Dear Brothers and Sisters in Christ,
I think all of us would agree that one of the greatest concerns of Catholics today is the fact that so few young people remain faithful to the Church. Statistics show that 50% of former Catholics leave the Church by the time they are 18, and 80% by the time they are 23. It’s very easy to point to the secularism of the times and the many factors that work against the faith, but at some point we have to stop and ask ourselves: What are we going to do differently to combat these forces and ensure that our young people receive a strong and lasting foundation in faith?
In the school and religious education, we have made efforts to revise our curriculum. We have moved to a new textbook with a far more substantial doctrinal content. It seems to be the case that the more a young person is informed about the faith, seeing that it is a coherent and meaningful explanation of the world, when they come to question it in adolescence, they are less quick to cast it off as a childhood fairytale. We have also encouraged more parental involvement, knowing that the first teachers of the faith are parents, and it is when the faith is lived out vibrantly at home that children keep that faith.
Another effort we are making is a move toward a new youth ministry program: Life Teen. While youth ministry is not the primary factor in whether a young person keeps the faith, it can be a valuable resource for reinforcing the faith in a comfortable and relational environment. Life Teen in particular focuses on that idea of relational ministry. The structure of the program is that a “Core Team” is put together with volunteers of all ages, backgrounds, and interests. This Core Team works with the young people, and the hope is that each young person finds a Core member who they feel comfortable with, and that Core member gets to know that young person and takes an interest in him or her. It’s in that relationship that the Core Team member can share his or her faith, and help encourage the young person as they seek to grow in their own.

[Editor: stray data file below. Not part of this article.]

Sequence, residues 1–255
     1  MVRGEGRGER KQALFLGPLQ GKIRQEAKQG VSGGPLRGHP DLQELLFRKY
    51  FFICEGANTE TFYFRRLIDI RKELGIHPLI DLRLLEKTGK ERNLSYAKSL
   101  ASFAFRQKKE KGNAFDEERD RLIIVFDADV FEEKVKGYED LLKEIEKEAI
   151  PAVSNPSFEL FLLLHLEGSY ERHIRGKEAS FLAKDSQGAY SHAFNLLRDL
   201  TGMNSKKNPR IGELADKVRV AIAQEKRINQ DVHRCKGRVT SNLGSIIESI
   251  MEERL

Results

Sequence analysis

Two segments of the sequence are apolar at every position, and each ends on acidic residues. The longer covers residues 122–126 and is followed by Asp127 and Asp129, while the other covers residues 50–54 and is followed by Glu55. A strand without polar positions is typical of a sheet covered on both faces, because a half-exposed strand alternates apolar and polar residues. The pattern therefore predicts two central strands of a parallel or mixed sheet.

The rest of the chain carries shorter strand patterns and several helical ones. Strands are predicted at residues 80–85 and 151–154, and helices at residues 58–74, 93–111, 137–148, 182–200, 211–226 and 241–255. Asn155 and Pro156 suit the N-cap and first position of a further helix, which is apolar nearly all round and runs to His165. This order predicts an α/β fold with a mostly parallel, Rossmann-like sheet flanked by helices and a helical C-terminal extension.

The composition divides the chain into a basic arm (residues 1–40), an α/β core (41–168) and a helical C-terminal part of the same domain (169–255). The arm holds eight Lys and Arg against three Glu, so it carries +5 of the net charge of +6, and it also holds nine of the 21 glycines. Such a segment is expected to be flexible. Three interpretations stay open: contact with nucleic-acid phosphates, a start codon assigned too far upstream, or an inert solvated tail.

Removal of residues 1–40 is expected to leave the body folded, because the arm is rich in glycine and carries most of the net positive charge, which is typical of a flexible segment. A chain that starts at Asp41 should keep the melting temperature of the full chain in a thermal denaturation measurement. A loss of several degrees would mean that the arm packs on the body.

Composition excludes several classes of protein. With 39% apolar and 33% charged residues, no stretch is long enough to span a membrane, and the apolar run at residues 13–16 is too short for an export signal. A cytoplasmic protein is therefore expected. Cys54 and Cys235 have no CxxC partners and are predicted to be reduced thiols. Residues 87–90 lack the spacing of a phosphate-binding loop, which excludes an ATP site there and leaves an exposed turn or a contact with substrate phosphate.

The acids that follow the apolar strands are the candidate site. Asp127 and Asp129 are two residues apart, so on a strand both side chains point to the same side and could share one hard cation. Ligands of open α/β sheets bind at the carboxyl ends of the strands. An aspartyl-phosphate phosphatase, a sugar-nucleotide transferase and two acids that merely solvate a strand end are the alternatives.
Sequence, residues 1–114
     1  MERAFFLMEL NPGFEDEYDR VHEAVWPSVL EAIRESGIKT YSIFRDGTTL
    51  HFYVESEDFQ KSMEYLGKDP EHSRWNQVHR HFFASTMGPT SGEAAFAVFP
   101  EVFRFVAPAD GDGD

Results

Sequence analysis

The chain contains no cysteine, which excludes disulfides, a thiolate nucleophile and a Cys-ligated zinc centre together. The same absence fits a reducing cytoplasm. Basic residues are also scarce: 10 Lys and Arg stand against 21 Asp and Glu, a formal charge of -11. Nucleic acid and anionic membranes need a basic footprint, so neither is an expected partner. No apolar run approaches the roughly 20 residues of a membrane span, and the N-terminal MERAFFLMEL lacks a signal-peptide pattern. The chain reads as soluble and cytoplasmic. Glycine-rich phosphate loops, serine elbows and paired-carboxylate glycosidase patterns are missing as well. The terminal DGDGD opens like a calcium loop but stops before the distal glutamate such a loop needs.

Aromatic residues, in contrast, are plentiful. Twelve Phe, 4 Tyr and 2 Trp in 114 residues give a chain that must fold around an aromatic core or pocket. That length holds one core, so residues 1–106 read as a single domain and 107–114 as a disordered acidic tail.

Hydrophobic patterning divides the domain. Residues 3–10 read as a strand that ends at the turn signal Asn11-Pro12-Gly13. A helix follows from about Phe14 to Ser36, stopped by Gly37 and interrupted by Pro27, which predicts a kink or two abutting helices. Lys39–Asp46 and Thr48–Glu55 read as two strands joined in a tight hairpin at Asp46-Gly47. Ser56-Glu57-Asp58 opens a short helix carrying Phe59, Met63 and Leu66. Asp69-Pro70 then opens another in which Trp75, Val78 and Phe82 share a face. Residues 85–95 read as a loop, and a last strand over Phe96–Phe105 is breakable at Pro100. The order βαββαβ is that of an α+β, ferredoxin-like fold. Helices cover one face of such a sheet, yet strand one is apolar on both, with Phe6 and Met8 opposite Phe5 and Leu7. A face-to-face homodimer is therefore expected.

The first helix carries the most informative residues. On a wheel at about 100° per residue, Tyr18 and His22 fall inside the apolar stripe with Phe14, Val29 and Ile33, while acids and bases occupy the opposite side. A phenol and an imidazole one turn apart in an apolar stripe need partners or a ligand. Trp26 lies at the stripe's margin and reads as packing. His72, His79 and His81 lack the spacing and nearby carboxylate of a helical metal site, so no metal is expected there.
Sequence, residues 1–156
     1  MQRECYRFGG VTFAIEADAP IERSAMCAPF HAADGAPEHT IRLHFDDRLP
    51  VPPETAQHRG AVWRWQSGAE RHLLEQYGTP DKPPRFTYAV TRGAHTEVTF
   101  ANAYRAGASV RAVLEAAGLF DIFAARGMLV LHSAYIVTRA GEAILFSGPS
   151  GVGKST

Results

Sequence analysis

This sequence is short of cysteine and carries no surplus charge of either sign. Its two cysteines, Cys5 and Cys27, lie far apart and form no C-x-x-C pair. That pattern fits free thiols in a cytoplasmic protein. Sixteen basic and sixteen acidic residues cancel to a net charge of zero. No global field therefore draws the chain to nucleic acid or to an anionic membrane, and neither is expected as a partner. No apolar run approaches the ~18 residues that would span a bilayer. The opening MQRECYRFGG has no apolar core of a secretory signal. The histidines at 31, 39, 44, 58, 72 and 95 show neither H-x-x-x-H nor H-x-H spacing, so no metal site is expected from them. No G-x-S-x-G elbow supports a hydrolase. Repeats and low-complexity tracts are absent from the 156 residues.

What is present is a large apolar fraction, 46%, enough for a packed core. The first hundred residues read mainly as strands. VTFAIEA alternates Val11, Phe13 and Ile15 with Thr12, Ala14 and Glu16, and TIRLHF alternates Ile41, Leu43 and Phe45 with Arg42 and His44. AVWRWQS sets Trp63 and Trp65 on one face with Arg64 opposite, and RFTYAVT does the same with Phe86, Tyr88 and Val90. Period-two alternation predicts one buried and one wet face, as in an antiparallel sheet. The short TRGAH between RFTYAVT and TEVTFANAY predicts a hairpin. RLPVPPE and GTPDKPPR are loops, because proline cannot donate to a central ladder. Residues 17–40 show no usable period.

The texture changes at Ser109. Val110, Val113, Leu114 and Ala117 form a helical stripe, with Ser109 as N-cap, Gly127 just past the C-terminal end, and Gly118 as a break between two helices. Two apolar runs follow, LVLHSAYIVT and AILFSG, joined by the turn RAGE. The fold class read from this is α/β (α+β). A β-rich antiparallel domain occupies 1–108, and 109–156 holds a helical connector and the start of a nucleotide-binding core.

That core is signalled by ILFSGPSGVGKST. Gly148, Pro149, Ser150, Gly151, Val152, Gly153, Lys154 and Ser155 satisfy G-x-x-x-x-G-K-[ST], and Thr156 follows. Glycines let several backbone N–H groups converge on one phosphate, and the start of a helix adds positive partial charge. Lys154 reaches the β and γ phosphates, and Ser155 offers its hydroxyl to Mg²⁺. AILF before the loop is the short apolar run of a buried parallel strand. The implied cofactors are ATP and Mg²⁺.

This relationship then ultimately leads to a deeper connection with our faith in those most essential elements: prayer, the Eucharist, confession, devotion to the Blessed Mother. It takes a very fundamental approach, recognizing that when those pieces are present, the faith is strong.
Youth ministry, though, is a responsibility for all of us in the parish – “It takes a village to raise a child.” Michelle, our new youth minister, made an announcement at most of the Masses last week asking for volunteers. You will find in the bulletin a form that I ask you to please take a look at. You’ll see that we need volunteers of all sorts, from Core Team members who can come each week, to people who can set up or clean up, to donors, to people who are willing to pray for the youth and the ministry. As people of faith, we know that the prayer behind our work is just as important as the work itself, because it is always by God’s grace that good comes about. “I planted, Apollos watered, but God caused the growth” (1 Cor 6).
I ask you then to prayerfully take a look at the form and see at what level you might be able to participate. Also, please consider if there is someone you know who would be a good fit, especially for the Core Team, where we need strong role models in the faith. Finally, I ask you to please join us on Thursday, November 21st, at 7:30PM in the Church for an informational meeting for youth, parents, volunteers, and all who would like to know more.
Let’s come together and help share that great gift of faith which has been such a blessing for us all!
Yours in Christ,